“I have often wish’d I had saved a single specimen of all the new articles I have made, and would now give twenty times the original value for such a collection. I am now, from thinking, and talking a little more upon this subject … resolv’d to make a beginning.” So said Josiah Wedgwood in 1774, as he laid the foundations for one of the greatest ceramics collections in the world. The Wedgwood Museum was first opened to the public in 1906, and for more than a century it has been telling the story of how six towns in north Staffordshire were transformed through clay and coal into the world-famous Potteries.

Then, in 2009, the Wedgwood business went into administration and, through a wretched quirk in pension law, brought the museum down with it. Suddenly, this extraordinary testament to the genius of Josiah Wedgwood and the unrivalled skills of Stoke-on-Trent’s potters was at risk of a fire-sale to fill a £134m pension black hole.

Today, the fight to save the Wedgwood collection begins in earnest as the Art Fund joins forces with the Heritage Lottery Fund and the Victoria & Albert Museum to raise the final £2.75m of the £15m price tag. It is a campaign to which, I hope, Guardian readers might contribute, because if you haven’t yet made it to Barlaston to see the 8,000-strong collection – from black jasper Portland designs to bone china tea sets and Robert Adam-designed vases – you are missing out on one of the most compelling accounts of British industrial, social and design history.


1109-83:

"L’Art, exercise de la cruauté" was originally published in Médicine de France (June 1949), reprinted in Georges Bataille, Oeuvres Complètes, vol. XI, Paris: Gallimard, 1988.

In truth, the question posed by the nature of the bait does not differ from that of the purpose of the trap. The enigma of sacrifice — the decisive enigma — is tied to our desire to find what a child seeks when seized by a sense of absurdity. What bothers the child and suddenly changes him into a whirligig is the desire to obtain, beyond the world of appearances, the answer to a question he would be unable to formulate. He thinks that perhaps he is the son of a king, but the son of a king is nothing. Then he thinks wisely that perhaps he is God: this would be the resolution of the enigma. The child, it goes without saying, speaks of this to no one. He would feel ridiculous in a world where every object reinforces the image of his own limits, where he recognizes how small and “separate” he is. But he thirsts precisely for no longer being “separate,” and it is only no longer being “separate” that would give him the sense of resolution without which he founders. The narrow prison of being “separate,” of existence separated like an object, gives him the feeling of absurdity, exile, of being subject to a ridiculous conspiracy. The child would not be surprised to wake up as God, who for a time would put himself to the test, so that the imposture of his small position would be suddenly revealed. Henceforth the child, if only for a weak moment, remains with his forehead pressed to the window, waiting for his moment of illumination.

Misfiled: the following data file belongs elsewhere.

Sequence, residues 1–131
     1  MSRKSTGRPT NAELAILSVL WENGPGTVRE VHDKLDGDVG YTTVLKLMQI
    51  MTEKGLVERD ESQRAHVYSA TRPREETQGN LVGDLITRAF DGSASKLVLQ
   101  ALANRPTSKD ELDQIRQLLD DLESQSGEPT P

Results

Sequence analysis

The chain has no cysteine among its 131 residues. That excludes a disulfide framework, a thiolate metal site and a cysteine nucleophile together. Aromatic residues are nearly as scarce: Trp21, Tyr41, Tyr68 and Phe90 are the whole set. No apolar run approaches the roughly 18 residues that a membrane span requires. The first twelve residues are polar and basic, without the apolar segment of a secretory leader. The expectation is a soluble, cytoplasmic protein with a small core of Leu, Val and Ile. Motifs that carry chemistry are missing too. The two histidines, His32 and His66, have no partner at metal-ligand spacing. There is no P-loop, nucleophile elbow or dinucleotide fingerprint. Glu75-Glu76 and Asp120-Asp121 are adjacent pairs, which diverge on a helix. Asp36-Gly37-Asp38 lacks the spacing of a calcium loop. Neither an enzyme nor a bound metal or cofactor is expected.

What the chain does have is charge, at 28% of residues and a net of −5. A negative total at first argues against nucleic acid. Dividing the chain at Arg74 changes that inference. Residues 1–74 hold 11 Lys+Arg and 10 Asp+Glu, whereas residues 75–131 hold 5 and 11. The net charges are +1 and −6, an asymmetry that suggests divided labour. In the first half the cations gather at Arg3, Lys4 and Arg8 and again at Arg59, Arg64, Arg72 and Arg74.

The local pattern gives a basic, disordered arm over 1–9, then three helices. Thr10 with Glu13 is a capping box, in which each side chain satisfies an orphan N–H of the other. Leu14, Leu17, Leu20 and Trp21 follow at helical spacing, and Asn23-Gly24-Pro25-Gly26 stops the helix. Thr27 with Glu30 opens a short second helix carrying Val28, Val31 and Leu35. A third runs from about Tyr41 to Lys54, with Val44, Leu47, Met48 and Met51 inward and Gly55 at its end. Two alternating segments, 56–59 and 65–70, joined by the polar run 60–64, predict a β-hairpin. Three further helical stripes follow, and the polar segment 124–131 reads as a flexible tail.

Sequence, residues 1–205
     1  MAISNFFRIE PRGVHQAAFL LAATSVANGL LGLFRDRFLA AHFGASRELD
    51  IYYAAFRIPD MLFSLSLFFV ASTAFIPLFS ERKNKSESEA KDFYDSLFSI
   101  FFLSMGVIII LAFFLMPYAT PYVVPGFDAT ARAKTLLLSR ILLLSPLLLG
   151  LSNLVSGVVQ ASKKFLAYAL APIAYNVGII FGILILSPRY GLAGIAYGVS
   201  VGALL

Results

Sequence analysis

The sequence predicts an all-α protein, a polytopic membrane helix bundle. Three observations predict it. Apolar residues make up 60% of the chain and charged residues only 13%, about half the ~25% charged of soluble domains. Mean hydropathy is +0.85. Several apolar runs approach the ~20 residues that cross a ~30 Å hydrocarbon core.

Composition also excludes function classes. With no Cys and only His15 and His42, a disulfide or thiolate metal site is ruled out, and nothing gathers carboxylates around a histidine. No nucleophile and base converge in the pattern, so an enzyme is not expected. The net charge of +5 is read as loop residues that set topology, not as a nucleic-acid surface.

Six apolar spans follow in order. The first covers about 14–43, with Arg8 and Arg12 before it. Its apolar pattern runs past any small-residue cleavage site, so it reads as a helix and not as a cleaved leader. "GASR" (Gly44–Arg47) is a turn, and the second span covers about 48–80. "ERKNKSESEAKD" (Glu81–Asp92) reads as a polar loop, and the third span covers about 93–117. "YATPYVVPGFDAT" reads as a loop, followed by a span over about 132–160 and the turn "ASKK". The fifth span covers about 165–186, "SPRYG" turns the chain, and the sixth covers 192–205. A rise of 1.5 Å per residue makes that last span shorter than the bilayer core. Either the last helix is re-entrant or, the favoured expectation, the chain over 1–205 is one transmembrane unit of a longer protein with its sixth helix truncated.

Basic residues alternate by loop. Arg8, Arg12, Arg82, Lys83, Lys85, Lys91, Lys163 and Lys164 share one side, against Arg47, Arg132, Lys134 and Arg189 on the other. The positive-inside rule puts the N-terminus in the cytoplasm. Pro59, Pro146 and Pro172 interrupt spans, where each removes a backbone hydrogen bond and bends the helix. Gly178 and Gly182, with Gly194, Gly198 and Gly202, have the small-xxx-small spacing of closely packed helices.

It is to this wait that the bait of sacrifice responds. What we have been waiting for all our lives is this disordering of the order that suffocates us. Some object should be destroyed in this disordering (destroyed as an object and, if possible, as something “separate”). We gravitate to the negation of that limit of death, which fascinates like light. For the disordering of the object — the destruction — is only worthwhile insofar as it disorders us, insofar as it disorders the subject at the same time. We cannot ourselves (the subject) directly lift the obstacle that “separates” us. But we can, if we lift the obstacle that separates the object (the victim of the sacrifice), participate in this denial of all separation. What attracts us in the destroyed object (in the very moment of destruction) is its power to call into question — and to undermine — the solidity of the subject. Thus the purpose of the trap is to destroy us as an object (insofar as we remain enclosed — and fooled — in our enigmatic isolation).

Thus our ruin, when the trap is opened (the ruin at least of our separate existence, of this isolated entity, negator of its likenesses), is the very opposite of anguish, which relentlessly and egotistically pursues the debits and credits of any entity resolved to persevere in its being. Under such conditions there emerges the most striking contradiction, interior to each person. On one hand, this small, limited, and inexplicable existence, wherein we have felt like an exile, a butt both of jokes and of the immense absurdity that is the world, cannot resolve to give up the game; on the other hand, it heeds the urgent call to forget its limits. In a sense, this call is the trap itself, but only insofar as the victim of the joke insists — as is common, if not necessary — on remaining a victim. Consequently, what makes the situation difficult to clarify is that, in each case, a trap is waiting for us. (The trap, in other words, is double.) On one hand, the various objects of this world offer themselves to anguish as the bait, but in a sense contrary to that of sacrifice: here we are caught in the trap of a small and separate reality, exiled from truth (insofar as the word refers not to a narrow horizon but to the absence of limits). On the other hand, sacrifice promises us the trap of death, for the destruction rendered unto the object has no sense other than the menace that it has for the subject. If the subject is not truly destroyed, everything remains in ambiguity. And if it is destroyed the ambiguity is resolved, but only in a nothingness that abolishes everything.